Only minor effects on fertility from environmental contaminants
Environmental contaminants cause less harm to human reproduction than feared, concludes EU study.
Last week, some 40 scientists from universities all around the world gathered in a small conference room in a Copenhagen hotel to discuss their latest findings on the health hazards of environmental contaminants and climate change.
The event marked the culmination the three-year-long EU study ‘Climate Change, Environmental Contaminants and Reproductive Health (CLEAR)’, which is headed by Danish scientists.
Since 2010 the CLEAR project has aimed at assessing whether global warming causes an increase in the spread of the already widespread environmental contaminants such as PCB and PCF and whether increased exposure is a threat to human reproductive health.
The short answer to both questions is no, said Professor Jens Peter Bonde of the Department of Public Health at Copenhagen University.
Most people probably feel they already know about the negative effects of environmental contaminants but with this study we can conclude that these contaminants really pose no major threat to human fertility.
Jens Peter Bonde
“Most people probably feel they already know about the negative effects of environmental contaminants but with this study we can conclude that these contaminants really pose no major threat to human fertility,” he said.
On top of that, he added, their data indicates that global warming will not increase the spread of contaminants around the Arctic areas and the rest of the planet.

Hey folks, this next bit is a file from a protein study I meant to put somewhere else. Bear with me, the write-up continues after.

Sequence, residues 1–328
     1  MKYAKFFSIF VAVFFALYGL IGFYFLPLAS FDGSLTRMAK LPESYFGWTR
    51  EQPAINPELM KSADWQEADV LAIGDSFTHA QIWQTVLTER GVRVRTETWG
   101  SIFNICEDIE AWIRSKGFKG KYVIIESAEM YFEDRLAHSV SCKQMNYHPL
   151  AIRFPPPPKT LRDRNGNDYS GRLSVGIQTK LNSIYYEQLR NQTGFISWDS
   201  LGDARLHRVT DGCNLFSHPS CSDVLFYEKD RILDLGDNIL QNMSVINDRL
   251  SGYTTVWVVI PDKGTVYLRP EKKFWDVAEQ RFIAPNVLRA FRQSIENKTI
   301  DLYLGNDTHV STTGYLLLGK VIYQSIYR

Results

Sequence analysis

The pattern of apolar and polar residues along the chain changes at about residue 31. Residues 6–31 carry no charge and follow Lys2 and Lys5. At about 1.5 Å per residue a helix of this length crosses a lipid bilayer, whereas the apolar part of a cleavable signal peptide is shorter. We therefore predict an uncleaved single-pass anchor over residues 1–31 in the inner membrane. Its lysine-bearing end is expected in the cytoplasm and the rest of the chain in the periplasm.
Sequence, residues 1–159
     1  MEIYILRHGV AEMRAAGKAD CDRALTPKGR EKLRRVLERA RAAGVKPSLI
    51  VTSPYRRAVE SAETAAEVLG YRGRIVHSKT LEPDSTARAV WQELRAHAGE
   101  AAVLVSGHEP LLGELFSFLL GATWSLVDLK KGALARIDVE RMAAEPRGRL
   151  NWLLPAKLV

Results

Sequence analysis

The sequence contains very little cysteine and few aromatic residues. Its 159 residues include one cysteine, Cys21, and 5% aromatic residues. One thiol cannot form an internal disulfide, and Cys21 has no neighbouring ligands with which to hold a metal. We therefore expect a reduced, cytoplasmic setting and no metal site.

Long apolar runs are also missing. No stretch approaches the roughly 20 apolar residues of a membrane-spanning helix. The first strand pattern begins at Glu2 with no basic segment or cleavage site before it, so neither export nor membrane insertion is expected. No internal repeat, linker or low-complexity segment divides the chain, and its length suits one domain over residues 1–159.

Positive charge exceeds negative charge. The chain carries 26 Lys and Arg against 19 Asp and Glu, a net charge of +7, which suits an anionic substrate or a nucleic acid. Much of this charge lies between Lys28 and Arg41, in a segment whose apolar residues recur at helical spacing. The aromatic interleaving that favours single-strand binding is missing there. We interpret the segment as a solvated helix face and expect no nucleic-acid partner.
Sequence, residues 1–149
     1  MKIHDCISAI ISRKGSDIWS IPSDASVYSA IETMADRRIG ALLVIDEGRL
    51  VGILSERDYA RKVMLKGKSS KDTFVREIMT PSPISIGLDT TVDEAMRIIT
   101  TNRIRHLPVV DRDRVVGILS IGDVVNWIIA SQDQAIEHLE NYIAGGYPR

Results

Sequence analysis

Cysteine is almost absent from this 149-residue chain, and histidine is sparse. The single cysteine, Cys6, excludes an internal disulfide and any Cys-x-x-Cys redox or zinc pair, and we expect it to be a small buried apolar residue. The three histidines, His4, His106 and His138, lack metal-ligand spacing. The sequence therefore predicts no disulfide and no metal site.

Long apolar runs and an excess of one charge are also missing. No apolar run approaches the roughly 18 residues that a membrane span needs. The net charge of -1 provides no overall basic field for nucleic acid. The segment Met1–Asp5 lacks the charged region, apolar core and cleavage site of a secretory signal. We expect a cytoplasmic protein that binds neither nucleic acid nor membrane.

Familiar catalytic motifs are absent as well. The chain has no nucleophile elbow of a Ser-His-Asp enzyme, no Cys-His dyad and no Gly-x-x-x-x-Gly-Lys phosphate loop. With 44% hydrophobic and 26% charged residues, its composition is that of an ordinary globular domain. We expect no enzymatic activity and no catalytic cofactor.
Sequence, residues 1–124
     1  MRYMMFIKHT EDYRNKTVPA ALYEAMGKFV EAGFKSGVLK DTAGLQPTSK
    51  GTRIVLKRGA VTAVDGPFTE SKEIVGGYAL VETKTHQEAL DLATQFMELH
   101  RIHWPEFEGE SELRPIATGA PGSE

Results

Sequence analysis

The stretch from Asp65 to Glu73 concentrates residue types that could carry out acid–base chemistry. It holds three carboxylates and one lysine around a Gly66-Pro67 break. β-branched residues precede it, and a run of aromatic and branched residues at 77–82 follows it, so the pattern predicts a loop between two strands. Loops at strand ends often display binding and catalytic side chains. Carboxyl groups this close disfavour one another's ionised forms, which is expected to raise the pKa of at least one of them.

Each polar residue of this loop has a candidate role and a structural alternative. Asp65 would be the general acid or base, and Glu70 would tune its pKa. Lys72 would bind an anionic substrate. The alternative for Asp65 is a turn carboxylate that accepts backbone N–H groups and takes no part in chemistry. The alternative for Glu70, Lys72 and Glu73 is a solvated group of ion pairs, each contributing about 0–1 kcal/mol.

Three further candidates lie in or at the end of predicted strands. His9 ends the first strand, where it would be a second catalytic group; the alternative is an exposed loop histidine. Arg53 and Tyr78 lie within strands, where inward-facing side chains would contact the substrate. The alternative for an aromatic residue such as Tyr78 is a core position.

Largest ever study of link between contaminants and fertility
Some 1,400 pregnant women and 600 spouses from Greenland, Hungary and Poland were examined for the CLEAR project, which is the largest project so far to study the effect of more than 20 known environmental contaminants’ toxicity on human fertility.
While no major negative effects were found on the subjects’ reproductive health, the scientists did see cases of harmful properties from the contaminants of which most have been banned by the UN since 2004.
”We found some minor correlations between contaminants and lowered sperm quality plus hormone changes in men,” conceded Bonde.
He did, however, add that it these effects may not be of clinical relevance.
”We’d rather emphasize on the fact that we’ve carried out extensive analyses of contaminant levels in men and women and that the general picture looks peaceful.”
No major changes in reproductive health
The €3.2 million project’s conclusions are not, however, without its reservations:
Most notably, the scientists themselves stress that their research has predominantly focused on male fertility and, more importantly, they cannot say whether fetal exposure to the toxins will have pronounced long-term effects on adult reproductive health.
Bonde underlined the difficulty of ever producing a sufficiently thorough study when it comes to environmental contaminants as he said there will always be uncertainties.
While CLEAR has focused on a select group of toxic pollutants, the fact remains that there are thousand of other pollutants with similar harmful properties.
”But what we want to focus on here is that our results show that these environmental contaminants do not seem to cause any major changes in human fertility.”
Read the Danish version of this article at videnskab.dk
Translated by: Kristian Secher